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    a thing for maps and legends

    UK PR consultant Rhian French’s journey to e-⁠Residency

    Photo by Annie Spratt on Unsplash

    Rhian French is a public relations specialist serving an incredibly niche market: she generates content, strategy, and campaigns across Europe for mapping agencies and geospatial companies.

    Working from her home in Andover, a market town located about 100 km southwest of London, she has developed an extensive roster of clients, including Ordnance Survey, based in the UK, and EuroGeographics, a Brussels-based nonprofit that serves national mapping authorities across Europe. She also works with global geospatial data management specialists 1Spatial, as well as UN-GGIM: Europe, a regional committee of the United Nations Committee of Experts on Global Geospatial Information Management.

    Rhian French

    According to French, helping her clients share their stories with the wider public came naturally to her, given her own interest in maps and geospatial data, as well as the fast pace of the industry, which has become rapidly digitised in the past few decades.

    “It’s been easy to tell stories about because it impacts everybody’s daily lives,” says French. “Even if someone didn’t know how much it impacted them, when mobile phones were widely adopted, geospatial data was right there with them, available from all kinds of applications.”

    After working directly for some clients, French eventually decided to strike out on her own, founding a company called Three Trees and a Map in the UK, and carved out a place for herself in the market. She provides strategic PR support, delivering social media campaigns, annual reports, even speech writing for clients,

    “I’ve fallen quite naturally into writing about the things I love. When you love something and you have a passion about it, you can really promote it to other people in an authentic way.”

    In June 2016, the UK voted to leave the European Union, a process that was finalised last year, with the country’s official exit. While Brexit has put pressure on many British entrepreneurs to find ways to continue to do business in Europe as European companies, and prompted many to become Estonian e-⁠residents in the process, French was actually aware of Estonia’s e-⁠Residency program prior to the vote, having heard the director general of the Estonian Land Board discuss it at a conference (the program itself was introduced in 2014). French reflects:

    “I remember thinking at the time, ‘Wow, that is quite groundbreaking for a small country I am just getting to know. I never would have thought in a million years it would be beneficial to me. But we are where we are in the UK, we have Brexit, and that has been quite a concern for me.”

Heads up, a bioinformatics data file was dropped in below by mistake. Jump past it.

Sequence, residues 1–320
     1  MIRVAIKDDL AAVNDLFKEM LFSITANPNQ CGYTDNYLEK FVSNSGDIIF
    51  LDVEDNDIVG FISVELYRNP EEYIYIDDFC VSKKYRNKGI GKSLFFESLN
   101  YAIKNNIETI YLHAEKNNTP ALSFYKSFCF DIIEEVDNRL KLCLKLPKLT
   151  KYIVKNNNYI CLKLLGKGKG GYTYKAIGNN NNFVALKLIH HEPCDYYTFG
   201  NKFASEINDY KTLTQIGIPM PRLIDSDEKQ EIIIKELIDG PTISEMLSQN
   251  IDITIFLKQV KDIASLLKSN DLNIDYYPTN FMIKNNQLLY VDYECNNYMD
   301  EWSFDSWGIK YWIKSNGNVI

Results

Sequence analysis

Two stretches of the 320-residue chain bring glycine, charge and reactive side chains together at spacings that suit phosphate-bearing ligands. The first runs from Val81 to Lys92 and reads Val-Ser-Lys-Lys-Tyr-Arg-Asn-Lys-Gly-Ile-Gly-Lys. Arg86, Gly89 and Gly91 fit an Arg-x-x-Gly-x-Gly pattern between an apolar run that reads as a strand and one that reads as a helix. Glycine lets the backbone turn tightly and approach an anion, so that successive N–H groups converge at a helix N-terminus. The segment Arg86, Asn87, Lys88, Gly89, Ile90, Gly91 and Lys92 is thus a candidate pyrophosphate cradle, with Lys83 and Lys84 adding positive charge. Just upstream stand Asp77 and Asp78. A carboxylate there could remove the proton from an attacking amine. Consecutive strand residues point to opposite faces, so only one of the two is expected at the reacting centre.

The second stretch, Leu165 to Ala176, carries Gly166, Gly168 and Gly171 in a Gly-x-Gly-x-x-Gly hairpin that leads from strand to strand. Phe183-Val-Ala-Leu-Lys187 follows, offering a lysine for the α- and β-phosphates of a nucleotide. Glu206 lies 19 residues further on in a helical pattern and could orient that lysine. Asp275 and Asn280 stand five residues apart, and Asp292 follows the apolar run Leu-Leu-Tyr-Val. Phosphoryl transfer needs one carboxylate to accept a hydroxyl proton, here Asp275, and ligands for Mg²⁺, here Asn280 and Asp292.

French applied for and received e-Residency last year. Her new company, called Maps and Legends PR, is officially based on Sepapaja Street in Tallinn. French chose the name to reflect her interest in science fiction, especially classic films like Clash of the Titans (1981) and Planet of the Apes (1968). “I chose the name Maps and Legends because I love maps and I love legends,” says French. “I am a huge sci-fi fan.”

    According to French, she was at first sceptical about e-⁠Residency, thinking the program was “all too good to be true,” but was reassured by the fact that the Estonian government was behind it. She also needed a way to continue to provide her services to important clients like EuroGeographics, as well as national mapping agencies associated with the organisation.

    Her European clients have wholeheartedly supported her decision to be an Estonian e-⁠resident.

    “Clients have been massively positive,” says French. “Don’t forget, this is a very innovative community that likes to embrace new ways of doing things,” she says. “They were quite tickled. I had gone for it and were proud of my having been accepted and being part of the program.”

    Photo courtesy of Rhian French.

    Because of COVID-19-related travel restrictions, French has not yet been able to visit her new digital homeland in person. However, she is already a member of the Estonian e-⁠Residents International Chamber Association (EERICA), and is eager to take part in the e-⁠Residency community:

    “I like the idea of becoming part of a community. I have found e-Residency welcoming, with lots of opportunities.”

    And in spite of the restrictions, she was able to stop by the Estonian embassy in London to set up her e-⁠Residency, and relied on Xolo, a Tallinn-based company, to start invoicing customers from her new Estonian firm. “Everything was up and running within a couple of weeks,” says French. “It was a really straightforward process.”

    Learn more about how easy it is to join the digital nation of Estonia by becoming an e-resident:

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